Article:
IMF, World Bank to hold April meetings in 'virtual format'
WASHINGTON, USA – The spring gathering of finance ministers and central bankers held in Washington in April will be shifted to a "virtual format" due to the coronavirus epidemic, the International Monetary Fund (IMF) and World Bank said Tuesday, March 3.
The twice-yearly meetings of the development lending institutions attract thousands of officials, journalists, and private sector participants from 180 member countries – just the kind of gathering health authorities say should be avoided. (READ: IMF, World Bank funds ready to fight virus outbreak)
IMF chief Kristalina Georgieva and World Bank President David Malpass said in a joint statement that "given growing health concerns related to the virus," they will switch "to a virtual format" for the meetings set for April 16 to 18.
"We remain fully committed to maintaining a productive dialogue with our stakeholders and will leverage our IT-related and virtual connection capabilities to the fullest to hold our essential policy consultations with the membership," the statement said.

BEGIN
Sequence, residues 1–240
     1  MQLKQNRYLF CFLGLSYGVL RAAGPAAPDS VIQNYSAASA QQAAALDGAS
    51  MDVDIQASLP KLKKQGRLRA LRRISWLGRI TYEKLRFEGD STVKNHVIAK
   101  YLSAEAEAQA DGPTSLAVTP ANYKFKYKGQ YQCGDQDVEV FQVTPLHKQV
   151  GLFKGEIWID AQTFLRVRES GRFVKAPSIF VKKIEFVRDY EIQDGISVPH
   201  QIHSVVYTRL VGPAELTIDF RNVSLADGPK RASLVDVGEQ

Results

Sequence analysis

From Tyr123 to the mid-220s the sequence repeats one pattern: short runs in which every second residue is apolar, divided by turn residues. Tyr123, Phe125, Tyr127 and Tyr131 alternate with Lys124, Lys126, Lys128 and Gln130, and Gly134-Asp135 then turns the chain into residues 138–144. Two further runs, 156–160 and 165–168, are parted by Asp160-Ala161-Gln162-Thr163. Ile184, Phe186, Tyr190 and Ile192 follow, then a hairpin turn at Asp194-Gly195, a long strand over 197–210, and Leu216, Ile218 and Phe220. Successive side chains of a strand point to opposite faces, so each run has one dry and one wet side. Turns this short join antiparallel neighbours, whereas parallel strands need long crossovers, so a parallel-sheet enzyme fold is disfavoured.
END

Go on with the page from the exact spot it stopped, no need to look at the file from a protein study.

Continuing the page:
This was the latest in a series of major events that have been canceled or postponed, including the Association of Southeast Asian Nations summit that United States President Donald Trump was scheduled to host later this month.
The IMF and World Bank hold their spring meetings yearly in April and their annual meetings in October, where finance ministers and central bank governors discuss global economic and financial developments.
But the meetings include a host of side gatherings, panels, conferences, and related events all around in Washington – except every third year, when the October meeting is moved to a member country. The official participant count is about 10,000.
The flagship event is the release of the IMF's World Economic Outlook, which will be in the spotlight given the expected slowing of growth, especially in China, due to the broadening epidemic. The IMF already warned global growth was fragile, even before the outbreak. – Rappler.com